Appeal from the United States District Court for the Western District of Pennsylvania. D.C. No. 90-00256E
Before: Sloviter, Chief Judge, Cowen and Rosenn, Circuit Judges
This appeal raises the question of whether the United States Parole Commission properly considered, for purposes of determining eligibility for parole, the activities of co-distributors of an illegal drug substance over which petitioner had no control and could not have been expected reasonably to foresee. Specifically, the petitioner Farese, convicted for conspiracy to distribute cocaine, challenges the Commission's decision to base his offense severity rating on the total amount of cocaine distributed by his co-defendants, 15 kilograms, instead of rating him only on the basis of the 2.5 kilograms he himself distributed. He points to the Commission's regulation which states that it cannot hold a prisoner accountable for activities committed by associates over which the prisoner had no control and could not have been expected reasonably to foresee. The Regional Commission rendered a decision continuing Farese for a presumptive parole after the service of 72 months, based upon a severity rating of category seven.*fn1 Farese appealed to the Parole Commission's National Appeals Board, contending that the correct offense severity was category six, which covers distribution of between 1.25 and 6.24 kilograms of cocaine of unknown purity. The National Appeals Board affirmed the Commission's decision.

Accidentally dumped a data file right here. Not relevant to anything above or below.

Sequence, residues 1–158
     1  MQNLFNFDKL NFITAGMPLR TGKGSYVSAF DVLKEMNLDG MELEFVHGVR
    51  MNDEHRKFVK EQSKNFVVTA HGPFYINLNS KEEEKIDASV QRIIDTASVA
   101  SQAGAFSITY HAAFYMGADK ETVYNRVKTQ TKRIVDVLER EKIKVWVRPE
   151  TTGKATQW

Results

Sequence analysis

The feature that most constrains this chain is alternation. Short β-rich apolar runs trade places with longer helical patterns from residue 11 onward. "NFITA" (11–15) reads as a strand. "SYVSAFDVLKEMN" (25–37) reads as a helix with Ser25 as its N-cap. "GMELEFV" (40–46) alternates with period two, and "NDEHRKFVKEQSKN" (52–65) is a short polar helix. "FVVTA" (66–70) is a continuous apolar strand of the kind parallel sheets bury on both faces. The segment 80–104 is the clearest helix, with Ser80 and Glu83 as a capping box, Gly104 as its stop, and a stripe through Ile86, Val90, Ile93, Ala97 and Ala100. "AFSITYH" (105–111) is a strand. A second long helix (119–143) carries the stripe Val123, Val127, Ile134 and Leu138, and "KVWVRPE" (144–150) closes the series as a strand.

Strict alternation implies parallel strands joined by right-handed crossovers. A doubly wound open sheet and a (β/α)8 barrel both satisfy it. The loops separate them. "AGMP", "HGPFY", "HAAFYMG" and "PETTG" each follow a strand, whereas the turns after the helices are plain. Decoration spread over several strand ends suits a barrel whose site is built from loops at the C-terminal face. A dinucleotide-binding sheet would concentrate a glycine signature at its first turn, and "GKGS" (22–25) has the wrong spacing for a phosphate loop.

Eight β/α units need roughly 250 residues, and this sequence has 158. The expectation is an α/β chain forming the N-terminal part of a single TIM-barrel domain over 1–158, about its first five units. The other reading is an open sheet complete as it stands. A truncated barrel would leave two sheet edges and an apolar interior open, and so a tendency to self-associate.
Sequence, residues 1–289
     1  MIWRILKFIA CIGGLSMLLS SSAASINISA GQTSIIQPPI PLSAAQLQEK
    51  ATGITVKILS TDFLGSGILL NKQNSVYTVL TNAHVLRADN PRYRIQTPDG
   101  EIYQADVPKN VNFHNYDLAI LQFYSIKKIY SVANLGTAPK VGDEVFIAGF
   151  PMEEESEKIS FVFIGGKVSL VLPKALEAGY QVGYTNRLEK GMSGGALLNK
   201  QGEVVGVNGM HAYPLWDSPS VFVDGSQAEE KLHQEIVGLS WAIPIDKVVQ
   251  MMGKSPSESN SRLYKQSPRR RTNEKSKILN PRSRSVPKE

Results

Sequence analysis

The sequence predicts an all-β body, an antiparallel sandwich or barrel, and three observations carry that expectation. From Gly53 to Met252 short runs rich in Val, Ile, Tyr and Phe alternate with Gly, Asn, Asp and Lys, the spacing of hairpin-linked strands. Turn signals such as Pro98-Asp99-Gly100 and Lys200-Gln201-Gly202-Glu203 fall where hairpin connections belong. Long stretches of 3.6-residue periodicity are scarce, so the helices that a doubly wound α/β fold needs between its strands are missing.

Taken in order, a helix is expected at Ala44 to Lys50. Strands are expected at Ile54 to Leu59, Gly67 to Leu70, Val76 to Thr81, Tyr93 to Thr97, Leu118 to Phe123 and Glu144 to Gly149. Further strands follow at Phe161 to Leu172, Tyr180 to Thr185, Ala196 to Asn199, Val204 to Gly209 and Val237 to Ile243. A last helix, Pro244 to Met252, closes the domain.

Having exhausted his administrative remedies, Farese filed a writ of habeas corpus petition in the United States District Court for the Western District of Pennsylvania, alleging that the Parole Commission violated his due process rights by (1) rating his offense severity in reliance upon erroneous information, in violation of the Commission's rules and regulations, and/or calculating offense severity in an arbitrary and capricious manner; and (2) issuing legally and logically deficient notices of action in his case. The district court, on the recommendation of the magistrate, denied the petition for habeas writ. The petitioner appealed. We reverse.
In 1987, Farese pled guilty to charges of conspiracy to possess with intent to distribute cocaine in violation of 21 U.S.C. § 846, and possession of property obtained from a criminal enterprise in violation of 21 U.S.C. § 853. The charges stemmed from Farese's purchase of drugs from an organization headed by one Gary Feola. According to the presentence investigation report, Feola received in excess of 15 kilograms of cocaine from several sources, and sold kilogram quantities of cocaine to eleven distributors, including Farese, located in Westchester County, Brooklyn, and Long Island, New York, Baltimore, Boston and New Jersey. The conspiracy count to which Farese pled guilty did not list a specific quantity of cocaine or other controlled substance.